I'm starting to come around here, I think the bowl system must be working. The Syracuse kids were happy and so were the TCU players. Let's ask the Horned Frogs if they would rather have a chance to win the Rose Bowl and be told by "someone older and wiser" that regardless of what they've done "the keepers of the game" have told them they are at best the second best. Or would they give up the Rose Bowl euforia for a shot at winning a national championship? It really is compelling logic by Mr. Hancock.

Listen to Alabama quarterback Greg McElroy, on his bowl experience: "We had a blast. If they got rid of the BCS and the BCS bowls, then a lot of teams would not be able to have opportunities like we have had the last couple of years."

Once again this is rock-solid logic. Guess what Greg (and Bill) a lot of teams already do not ahve teh opportunities like you have had the past couple of years. You got to play for a national championship BCS Title because you play in a power conference. If your school is not on THIS MAP, you do not have the opportunities to play for a BCS title. And even if you are on that map there are many listed who really do not have a chance either (does anybody think if Minnesota goes undefeated next year we'll be playing in the title game? No, but we have a better shot than Toledo).

I talked to a Fort Worth man who proudly told me that his grandfather played for SMU in the 1936 Rose Bowl. Can you imagine someone 60 years from now, telling a stranger that his granddad played in the 2025 first-round game between Troy and Wisconsin in Madison?

What a great story with a compelling question to wrap it up and prove his point. But I have a question. Can you imagine 60 years from now someone telling a stranger that his grandad played in the Beef 'O' Brady's Bowl? Troy vs. Wisconsin in a first round playoff game is significantly more significant than 34 of the 35 bowl games on the schedule in 2010-11.

And, for goodness sake, what kind of corrupt cartel would create an arrangement where TCU can win the Rose Bowl? The Horned Frogs played in the Granddaddy of Them All solely BECAUSE of the BCS. And Boise State was THIS close to playing in tonight's game. The BCS is fair, and this year -- more than ever -- proves it.

Oh right. Fair is not giving TCU the opportunity to make their undefeated season a national championship season. If our options are old bowl system were TCU plays in the Las Vegas Bowl or the current BCS system where they get to play in the Rose Bowl then you are correct Mr. Hancock this year is more fair than it could otherwise be. But the outcry is not to return to the old system, what we want is a third option, a TRULY FAIR option. If you want to prove that we have a fair system then allow worthy teams the opportunity to win a real national championship. Don't give us an end-around by saying this is way better for a school like TCU than it would have been 25 years ago.

It is obvious that the BCS has no alterior motives and there is absolutely no coruptness at play here. Things like significant NCAA violations on players particiapting in a BCS bowl game would never be swept under the rug until the beginning of next year's pivotal regular season (remember how the current system is the only way to preserve the integrity of the regular season). The fact that the Sugar Bowl was paying the representative schools/conferences millions of dollars probably had nothing to do with the player suspensions being held off until next year. Nobody should have any reason to accuse those valued "keepers of the game" of coruptness.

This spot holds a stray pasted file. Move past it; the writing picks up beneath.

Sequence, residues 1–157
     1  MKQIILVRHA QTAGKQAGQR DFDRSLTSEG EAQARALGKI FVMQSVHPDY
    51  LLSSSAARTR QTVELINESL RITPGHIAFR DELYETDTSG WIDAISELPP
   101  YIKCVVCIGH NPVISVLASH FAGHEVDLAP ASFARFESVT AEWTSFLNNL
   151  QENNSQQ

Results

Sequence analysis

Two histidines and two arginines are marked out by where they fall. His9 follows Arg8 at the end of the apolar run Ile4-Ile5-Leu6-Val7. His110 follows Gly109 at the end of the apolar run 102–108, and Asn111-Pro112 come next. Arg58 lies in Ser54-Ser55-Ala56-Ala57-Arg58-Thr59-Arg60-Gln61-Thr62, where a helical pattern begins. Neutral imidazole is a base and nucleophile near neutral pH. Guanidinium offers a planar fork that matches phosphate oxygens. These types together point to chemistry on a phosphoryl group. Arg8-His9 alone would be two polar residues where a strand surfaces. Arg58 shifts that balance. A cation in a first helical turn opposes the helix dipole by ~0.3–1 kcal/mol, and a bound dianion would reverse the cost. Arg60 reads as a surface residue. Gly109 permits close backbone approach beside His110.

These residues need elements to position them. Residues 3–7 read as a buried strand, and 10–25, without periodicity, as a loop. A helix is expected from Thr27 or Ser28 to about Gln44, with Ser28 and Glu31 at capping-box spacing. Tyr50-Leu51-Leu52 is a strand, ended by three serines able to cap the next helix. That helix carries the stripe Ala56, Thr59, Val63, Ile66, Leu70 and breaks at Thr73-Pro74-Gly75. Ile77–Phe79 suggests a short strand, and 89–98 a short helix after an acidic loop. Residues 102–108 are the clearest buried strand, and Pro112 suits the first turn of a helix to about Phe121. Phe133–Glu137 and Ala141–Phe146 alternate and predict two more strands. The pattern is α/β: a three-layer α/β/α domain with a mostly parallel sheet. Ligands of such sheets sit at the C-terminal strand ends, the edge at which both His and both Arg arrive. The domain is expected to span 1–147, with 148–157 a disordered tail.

In conclusion, I want to ask you to remember that college football really is national treasure. We are very lucky to cover it, administer it, play it, coach it and play b-flat clarinet in its marching band.

I don't think there's anything else in the world to match the passion that we have in college football. Maybe World Cup, but maybe not.

I have a proposal, why have a BCS at all? Mr. Hancock has told us over and over how valuable the bowl system is for college football. We don't need the BCS, all it does is create division and controversy and headaches. This BCS is B.S.

And then, in the wild party after the game, one group of athletes will hold the crystal football aloft. They will be celebrating for the sheer joy of reaching a lifetime goal.

But without even realizing it, they will be rejoicing for those other 68 groups of students who were able to savor the bowl experience this year. When they lift that crystal football, they will be symbolically lifting up the collegiate model. They will be celebrating the game of college football that is thriving in no small part because the BCS got it right.

My Gophers didn't get to participate in a bowl game this year but I'd like to thank Alabama for hoisting the trophy for us last year, what a special experience it was for all of Gopher Nation.

Really, let us forgo the BCS Title game and the notion of having a champion at all. Bill Hancock has convinced me that there are 70 winners in college football every year so why the charrade that one game is more important than any other?

Souhan is right the C in BCS doesn't stand for corrupt as much as it stands for comical. The system is a joke and pretending that the BCS has "got it right" is insulting.